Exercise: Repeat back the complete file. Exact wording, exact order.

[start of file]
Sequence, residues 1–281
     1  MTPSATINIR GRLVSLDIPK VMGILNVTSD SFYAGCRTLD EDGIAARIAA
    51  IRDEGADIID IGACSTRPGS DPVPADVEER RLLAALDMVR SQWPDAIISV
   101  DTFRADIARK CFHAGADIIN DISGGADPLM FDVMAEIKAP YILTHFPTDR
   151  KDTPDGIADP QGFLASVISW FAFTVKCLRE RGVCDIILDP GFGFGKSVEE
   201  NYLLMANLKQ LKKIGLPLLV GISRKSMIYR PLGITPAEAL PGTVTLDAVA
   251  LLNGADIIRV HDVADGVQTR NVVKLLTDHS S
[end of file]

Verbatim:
Sequence, residues 1–281
     1  MTPSATINIR GRLVSLDIPK VMGILNVTSD SFYAGCRTLD EDGIAARIAA
    51  IRDEGADIID IGACSTRPGS DPVPADVEER RLLAALDMVR SQWPDAIISV
   101  DTFRADIARK CFHAGADIIN DISGGADPLM FDVMAEIKAP YILTHFPTDR
   151  KDTPDGIADP QGFLASVISW FAFTVKCLRE RGVCDIILDP GFGFGKSVEE
   201  NYLLMANLKQ LKKIGLPLLV GISRKSMIYR PLGITPAEAL PGTVTLDAVA
   251  LLNGADIIRV HDVADGVQTR NVVKLLTDHS S